Raising additional funds by issuing securities may cause dilution to existing stockholders and raising funds through lending and licensing arrangements may restrict our operations or require us to relinquish proprietary rights.

We may need to raise additional funds through public or private equity offerings, debt financings, receivables or royalty financings or corporate collaboration and licensing arrangements. To the extent that we raise additional capital by issuing equity securities or convertible debt, your ownership interest in us will be diluted.

The incurrence of indebtedness could result in increased fixed payment obligations and we may be required to agree to certain restrictive covenants therein, such as limitations on our ability to incur additional debt, limitations on our ability to acquire, sell or license intellectual property rights and other operating restrictions that could adversely affect our ability to conduct our business.

38


Table of Contents

If we raise additional funds through collaboration, licensing or other similar arrangements, it may be necessary to relinquish potentially valuable rights to our current product or product candidates or proprietary technologies, or grant licenses on terms that are not favorable to us. If adequate funds are not available, our ability to achieve profitability or to respond to competitive pressures would be significantly limited and we may be required to delay, significantly curtail or eliminate the commercialization and development of our product or product candidates.

Our ability to use net operating losses and research and development credits to reduce future taxes may be subject to certain limitations.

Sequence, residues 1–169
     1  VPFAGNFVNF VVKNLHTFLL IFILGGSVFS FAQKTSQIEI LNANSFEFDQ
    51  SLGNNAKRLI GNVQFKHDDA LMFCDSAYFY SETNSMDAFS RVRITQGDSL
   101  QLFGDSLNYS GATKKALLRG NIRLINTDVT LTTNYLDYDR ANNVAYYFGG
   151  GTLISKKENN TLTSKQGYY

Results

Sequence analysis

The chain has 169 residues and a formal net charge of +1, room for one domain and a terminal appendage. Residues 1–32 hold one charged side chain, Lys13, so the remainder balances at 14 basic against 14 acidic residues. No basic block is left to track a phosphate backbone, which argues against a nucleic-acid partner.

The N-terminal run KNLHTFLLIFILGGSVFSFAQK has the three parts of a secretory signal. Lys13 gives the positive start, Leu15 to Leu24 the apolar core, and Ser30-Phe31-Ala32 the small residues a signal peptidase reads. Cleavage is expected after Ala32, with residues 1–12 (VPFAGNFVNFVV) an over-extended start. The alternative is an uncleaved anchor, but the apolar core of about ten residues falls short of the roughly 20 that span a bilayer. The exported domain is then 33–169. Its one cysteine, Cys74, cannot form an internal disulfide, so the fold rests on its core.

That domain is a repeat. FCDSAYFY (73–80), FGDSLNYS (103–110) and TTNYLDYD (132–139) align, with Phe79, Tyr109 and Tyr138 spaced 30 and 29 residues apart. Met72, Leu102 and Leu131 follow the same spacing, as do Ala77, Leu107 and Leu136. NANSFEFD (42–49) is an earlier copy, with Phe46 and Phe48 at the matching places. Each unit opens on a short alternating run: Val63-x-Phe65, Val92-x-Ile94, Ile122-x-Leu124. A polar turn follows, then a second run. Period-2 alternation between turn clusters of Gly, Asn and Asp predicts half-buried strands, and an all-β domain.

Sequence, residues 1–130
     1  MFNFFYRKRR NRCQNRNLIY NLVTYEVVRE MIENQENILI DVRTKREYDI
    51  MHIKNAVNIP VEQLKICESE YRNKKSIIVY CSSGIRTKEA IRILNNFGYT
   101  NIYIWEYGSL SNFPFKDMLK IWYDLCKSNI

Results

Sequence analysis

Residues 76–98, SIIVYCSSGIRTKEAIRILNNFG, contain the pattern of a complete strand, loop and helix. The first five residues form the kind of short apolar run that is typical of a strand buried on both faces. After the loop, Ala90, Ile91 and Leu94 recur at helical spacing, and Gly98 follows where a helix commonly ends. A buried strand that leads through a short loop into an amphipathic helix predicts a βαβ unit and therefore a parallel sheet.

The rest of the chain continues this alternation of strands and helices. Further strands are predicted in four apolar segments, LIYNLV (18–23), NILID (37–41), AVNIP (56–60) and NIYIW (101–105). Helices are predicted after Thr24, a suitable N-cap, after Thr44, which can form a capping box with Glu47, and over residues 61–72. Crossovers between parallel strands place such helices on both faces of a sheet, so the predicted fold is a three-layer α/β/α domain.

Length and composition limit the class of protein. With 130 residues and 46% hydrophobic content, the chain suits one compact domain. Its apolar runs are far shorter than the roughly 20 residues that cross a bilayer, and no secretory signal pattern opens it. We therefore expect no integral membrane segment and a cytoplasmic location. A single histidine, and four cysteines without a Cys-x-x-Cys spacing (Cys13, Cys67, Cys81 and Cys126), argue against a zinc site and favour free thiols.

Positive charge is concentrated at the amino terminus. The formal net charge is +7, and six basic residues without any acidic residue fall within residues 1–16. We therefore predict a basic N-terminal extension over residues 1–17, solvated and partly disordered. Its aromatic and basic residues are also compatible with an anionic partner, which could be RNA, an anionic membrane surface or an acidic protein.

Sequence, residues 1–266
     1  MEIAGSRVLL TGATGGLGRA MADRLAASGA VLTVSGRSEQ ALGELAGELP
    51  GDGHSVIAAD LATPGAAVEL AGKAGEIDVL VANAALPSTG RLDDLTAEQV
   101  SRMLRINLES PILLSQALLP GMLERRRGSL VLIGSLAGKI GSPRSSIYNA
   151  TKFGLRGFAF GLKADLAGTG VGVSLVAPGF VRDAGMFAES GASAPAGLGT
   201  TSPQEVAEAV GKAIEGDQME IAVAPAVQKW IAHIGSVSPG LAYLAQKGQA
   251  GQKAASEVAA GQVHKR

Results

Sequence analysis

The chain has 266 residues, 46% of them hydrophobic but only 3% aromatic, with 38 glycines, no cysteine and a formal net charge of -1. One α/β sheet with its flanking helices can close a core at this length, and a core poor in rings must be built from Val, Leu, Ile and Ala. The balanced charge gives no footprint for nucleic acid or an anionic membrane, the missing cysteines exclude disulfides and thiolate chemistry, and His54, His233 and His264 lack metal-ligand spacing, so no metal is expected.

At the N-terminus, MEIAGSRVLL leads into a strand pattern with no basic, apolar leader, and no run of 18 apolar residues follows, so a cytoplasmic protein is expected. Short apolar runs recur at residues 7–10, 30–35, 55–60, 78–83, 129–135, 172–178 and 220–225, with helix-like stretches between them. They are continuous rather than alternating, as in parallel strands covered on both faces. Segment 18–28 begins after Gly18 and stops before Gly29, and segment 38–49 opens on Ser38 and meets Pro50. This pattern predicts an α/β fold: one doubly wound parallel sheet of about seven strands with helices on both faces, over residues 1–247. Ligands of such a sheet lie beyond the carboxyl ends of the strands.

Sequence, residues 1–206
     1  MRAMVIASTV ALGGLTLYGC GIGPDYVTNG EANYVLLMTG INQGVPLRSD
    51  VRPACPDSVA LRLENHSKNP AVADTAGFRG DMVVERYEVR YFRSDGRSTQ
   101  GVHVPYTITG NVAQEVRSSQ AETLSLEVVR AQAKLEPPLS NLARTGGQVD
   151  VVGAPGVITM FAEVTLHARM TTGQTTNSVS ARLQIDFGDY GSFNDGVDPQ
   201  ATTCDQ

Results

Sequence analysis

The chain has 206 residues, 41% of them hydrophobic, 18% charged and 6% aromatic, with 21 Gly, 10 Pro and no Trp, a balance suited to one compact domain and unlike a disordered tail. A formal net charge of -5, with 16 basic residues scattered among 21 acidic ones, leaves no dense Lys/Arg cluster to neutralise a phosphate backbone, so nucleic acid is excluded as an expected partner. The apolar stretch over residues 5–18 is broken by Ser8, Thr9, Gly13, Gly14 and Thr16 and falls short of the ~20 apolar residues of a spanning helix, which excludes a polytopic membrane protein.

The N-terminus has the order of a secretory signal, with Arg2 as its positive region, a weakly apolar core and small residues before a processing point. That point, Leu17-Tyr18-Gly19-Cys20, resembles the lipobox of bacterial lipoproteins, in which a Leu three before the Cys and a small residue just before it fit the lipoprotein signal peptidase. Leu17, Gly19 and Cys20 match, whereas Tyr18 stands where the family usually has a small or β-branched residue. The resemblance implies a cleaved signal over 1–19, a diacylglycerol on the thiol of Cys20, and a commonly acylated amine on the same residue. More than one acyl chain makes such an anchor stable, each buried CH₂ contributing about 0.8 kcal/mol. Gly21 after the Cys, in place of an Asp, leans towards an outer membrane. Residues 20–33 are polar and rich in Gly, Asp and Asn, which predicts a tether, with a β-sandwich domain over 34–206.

As of December 31, 2015, we had federal and state net operating loss, or NOLs, carryforwards of $29.7 million and $29.7 million, respectively, which begin to expire in various amounts in 2033. As of December 31, 2015, we also had federal research and development tax credit carryforwards of $0.6 million, which begin to expire in 2035. These NOLs and tax credit carryforwards could expire unused and be unavailable to offset future income tax liabilities. In addition, in general, under Sections 382 and 383 of the Internal Revenue Code of 1986, as amended, or the Code, a corporation that undergoes an "ownership change" is subject to limitations on its ability to utilize its pre-change NOLs or tax credits to offset future taxable income or taxes. For these purposes, an ownership change generally occurs where the aggregate stock ownership of one or more stockholders or groups of stockholders who owns at least 5% of a corporation's stock increases its ownership by more than 50 percentage points over its lowest ownership percentage within a specified testing period. Our existing NOLs or credits may be subject to limitations arising from previous ownership changes, and if we undergo an ownership change in connection with this offering, our ability to utilize NOLs or credits could be further limited by Sections 382 and 383 of the Code. In addition, future changes in our stock ownership, many of which are outside of our control, could result in an ownership change under Sections 382 and 383 of the Code. Our NOLs or credits may also be impaired under state law. Accordingly, we may not be able to utilize a material portion of our NOLs or credits. Furthermore, our ability to utilize our NOLs or credits is conditioned upon our attaining profitability and generating U. S. federal and state taxable income. As described above under "Risk Factors—Risks Related to our Financial Position," we have incurred significant net losses since our inception and anticipate that we will continue to incur significant losses for the foreseeable future; and therefore, we do not know whether or when we will generate the U.S. federal or state taxable income necessary to utilize our NOL or credit carryforwards.